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Gardening Tips

Brussel Sprouts Sowing Instructions
Planting Depth
:1/4” -1/2”
Row Spacing:24”-30”
Plant Spacing:18”
Days to Germination:9-15 days
Germination Temperature:70°-75°F

For best results, raise as transplants, sowing seeds 6 to 8 weeks before the set out date, in a cool greenhouse or protected growing area. Plant 3 to 4 seeds per 3" pot in a sterilized seed mix. Keep evenly moist. Thin to the strongest individual seedlings. By late spring/early summer, approximately 12 weeks before the first fall frost, plant out in well-draining, moderately fertile soil in full sunlight. Fertilizer lightly: too much nitrogen can cause mottling and black centers in the sprouts. For gradual harvest, cut sprouts while small, sweet and tightly-wrapped, starting low on the stem, allowing the higher ones to keep growing. To harvest all the sprouts at once, pinch the growing top of the plant, forcing the entire stem to mature at once. A member of the Brassica family, Brussels Sprouts should not be grown in the same site as other Brassicas for 4 years. Light frost brings out their innate sweetness!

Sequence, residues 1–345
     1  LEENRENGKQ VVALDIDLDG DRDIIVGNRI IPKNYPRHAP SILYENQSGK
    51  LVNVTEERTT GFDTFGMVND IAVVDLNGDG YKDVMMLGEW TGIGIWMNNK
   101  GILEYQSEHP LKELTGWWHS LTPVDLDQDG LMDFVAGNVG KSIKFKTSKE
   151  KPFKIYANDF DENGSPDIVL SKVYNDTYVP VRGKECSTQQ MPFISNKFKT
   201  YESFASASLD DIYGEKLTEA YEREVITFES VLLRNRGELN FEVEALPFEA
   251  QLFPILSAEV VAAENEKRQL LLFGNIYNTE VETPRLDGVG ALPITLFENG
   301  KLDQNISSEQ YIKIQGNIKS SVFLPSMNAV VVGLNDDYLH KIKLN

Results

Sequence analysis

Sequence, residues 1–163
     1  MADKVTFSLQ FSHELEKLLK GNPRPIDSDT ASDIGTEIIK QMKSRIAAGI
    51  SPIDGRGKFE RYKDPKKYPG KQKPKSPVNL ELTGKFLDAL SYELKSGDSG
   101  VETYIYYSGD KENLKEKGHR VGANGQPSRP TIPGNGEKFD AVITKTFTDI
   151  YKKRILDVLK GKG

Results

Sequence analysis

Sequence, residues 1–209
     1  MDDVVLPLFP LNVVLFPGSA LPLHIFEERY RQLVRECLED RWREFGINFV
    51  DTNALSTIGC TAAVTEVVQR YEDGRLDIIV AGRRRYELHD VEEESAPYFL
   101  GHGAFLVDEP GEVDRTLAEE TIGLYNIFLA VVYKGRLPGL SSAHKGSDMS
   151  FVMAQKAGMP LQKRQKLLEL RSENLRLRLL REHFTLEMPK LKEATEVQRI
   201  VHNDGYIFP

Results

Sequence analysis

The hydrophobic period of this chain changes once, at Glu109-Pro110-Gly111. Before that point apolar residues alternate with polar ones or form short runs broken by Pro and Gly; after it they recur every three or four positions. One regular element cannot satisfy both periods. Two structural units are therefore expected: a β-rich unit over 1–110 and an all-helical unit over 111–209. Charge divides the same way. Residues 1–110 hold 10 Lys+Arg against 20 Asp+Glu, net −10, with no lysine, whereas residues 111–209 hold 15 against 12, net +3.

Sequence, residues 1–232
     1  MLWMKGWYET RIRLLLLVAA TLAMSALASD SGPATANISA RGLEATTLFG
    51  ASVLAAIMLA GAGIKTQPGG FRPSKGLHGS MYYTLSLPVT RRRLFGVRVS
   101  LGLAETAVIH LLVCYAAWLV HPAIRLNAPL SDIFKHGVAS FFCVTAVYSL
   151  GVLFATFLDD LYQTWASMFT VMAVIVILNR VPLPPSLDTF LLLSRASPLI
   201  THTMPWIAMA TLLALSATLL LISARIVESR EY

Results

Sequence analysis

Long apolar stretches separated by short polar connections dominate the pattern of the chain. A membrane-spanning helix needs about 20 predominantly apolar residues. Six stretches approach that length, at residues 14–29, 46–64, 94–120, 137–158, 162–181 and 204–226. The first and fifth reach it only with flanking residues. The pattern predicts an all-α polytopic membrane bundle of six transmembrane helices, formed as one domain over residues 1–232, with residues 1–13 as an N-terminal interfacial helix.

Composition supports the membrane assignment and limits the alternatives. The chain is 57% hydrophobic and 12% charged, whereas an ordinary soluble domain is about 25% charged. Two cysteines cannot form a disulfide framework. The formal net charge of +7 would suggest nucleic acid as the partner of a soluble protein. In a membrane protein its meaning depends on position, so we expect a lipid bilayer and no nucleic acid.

Harvesting Sprouts
If you want your Brussels Sprouts to mature quickly and uniformly, nip off the top at the time the lowest ones on the stem are nearly harvest size. Bear in mind however that this will remove the protective leaves at the top of the stem. These would normally droop down over the sprouts, protecting them from frost. So, if you want a long, late harvest, leave the top alone. You’ll be able to pick the sprouts all during the fall and early winter. We serve them on Christmas Day! If very cold weather threatens, cut the entire stalk, bring indoors and store it in the fridge. It will keep for weeks that way!

Brussels Sprouts for Christmas
Most of the Brassica family—such as Kale, Cabbage, Broccoli and Mustard Greens—are famously frost tolerant, but Brussels Sprouts are among the most stalwart. Even when ice and snow cause the big floppy leaves to sag, those little elfin Cabbages clustered about the stem are still firm and sweet. In Maine we count on them as an early winter treat, and it has become a tradition to have buttered Brussels sprouts on our Christmas table. If the weather turns beastly we pick whole stems and keep them in a cold room for a side dish on December 25.

Shade Tolerance

Deer Resistant Seed Varieties
Cucumber Sowing Instructions
Planting Depth
: 1"
Row Spacing: 6”
Seed Spacing: 4”
Days to Germination: 5-10 days
Germination Temperature: 60°-70°F